Could Galena be running out of money?

Now, let's return to, and answer, our original question: Could Galena Biopharma be running out of money?

In the most literal sense of the term I would indeed say that, as of right now, Galena probably doesn't have enough cash to get it through to late 2016 or early 2017 when it's scheduled to report the results of the PRESENT trial. For current investors it likely means Galena will turn to a stock offering once again in order to raise cash. Keep in mind the company does have $4.9 million under a revolving credit facility that it can use as well, but that won't get the company too far from an operations standpoint.

Its true valuation, however, depends on NeuVax. The PRESENT study truly holds make or break potential for this stock, with Abstral, Zuplenz, and even additional share offerings playing only a minor role. While I remain cautiously optimistic on Galena, I also am sticking squarely on the sidelines.

NeuVax could be a big seller for Galena, but this revolutionary new product has absolute game-changing potential!

The best biotech investors consistently reap gigantic profits by recognizing true potential earlier and more accurately than anyone else. Let me cut right to the chase. There is a product in development that will revolutionize not just how we treat a common chronic illness, but potentially the entire health industry. Analysts are already licking their chops at the sales potential. In order to outsmart Wall Street and realize multi-bagger returns you will need The Motley Fool's new free report on the dream-team responsible for this game-changing blockbuster. CLICK HERE NOW .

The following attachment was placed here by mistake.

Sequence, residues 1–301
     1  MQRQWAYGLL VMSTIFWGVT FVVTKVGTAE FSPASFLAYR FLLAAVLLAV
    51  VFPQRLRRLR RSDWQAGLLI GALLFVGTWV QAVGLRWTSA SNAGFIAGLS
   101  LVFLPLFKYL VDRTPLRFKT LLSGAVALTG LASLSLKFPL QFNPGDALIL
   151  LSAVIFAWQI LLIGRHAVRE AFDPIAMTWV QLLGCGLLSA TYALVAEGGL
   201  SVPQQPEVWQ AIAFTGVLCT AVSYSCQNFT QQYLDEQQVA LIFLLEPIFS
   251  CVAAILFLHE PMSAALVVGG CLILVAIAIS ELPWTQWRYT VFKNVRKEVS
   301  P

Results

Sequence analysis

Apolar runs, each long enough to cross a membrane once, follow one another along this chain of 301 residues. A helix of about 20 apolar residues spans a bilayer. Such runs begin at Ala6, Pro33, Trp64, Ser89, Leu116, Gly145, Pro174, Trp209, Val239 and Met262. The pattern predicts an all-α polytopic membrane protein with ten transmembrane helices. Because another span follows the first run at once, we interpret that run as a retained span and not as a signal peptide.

The article Could Galena Biopharma, Inc. Be Running Out of Money? originally appeared on Fool.com.

Sean Williams has no material interest in any companies mentioned in this article. You can follow him on CAPS under the screen nameTMFUltraLong, track every pick he makes under the screen nameTrackUltraLong, and check him out on Twitter, where he goes by the handle@TMFUltraLong.The Motley Fool has no position in any of the stocks mentioned. Try any of our Foolish newsletter servicesfree for 30 days. We Fools don't all hold the same opinions, but we all believe thatconsidering a diverse range of insights makes us better investors. The Motley Fool has adisclosure policy .

Copyright © 1995 - 2014 The Motley Fool, LLC. All rights reserved. The Motley Fool has a disclosure policy .

The views and opinions expressed herein are the views and opinions of the author and do not necessarily reflect those of Nasdaq, Inc.


The views and opinions expressed herein are the views and opinions of the author and do not necessarily reflect those of Nasdaq, Inc.

Other Topics

Stocks

The Motley Fool

Founded in 1993 in Alexandria, VA., by brothers David and Tom Gardner, The Motley Fool is a multimedia financial-services company dedicated to building the world's greatest investment community. Reaching millions of people each month through its website, books, newspaper column, radio show, television appearances, and subscription newsletter services, The Motley Fool champions shareholder values and advocates tirelessly for the individual investor. The company's name was taken from Shakespeare, whose wise fools both instructed and amused, and could speak the truth to the king -- without getting their heads lopped off.

Learn More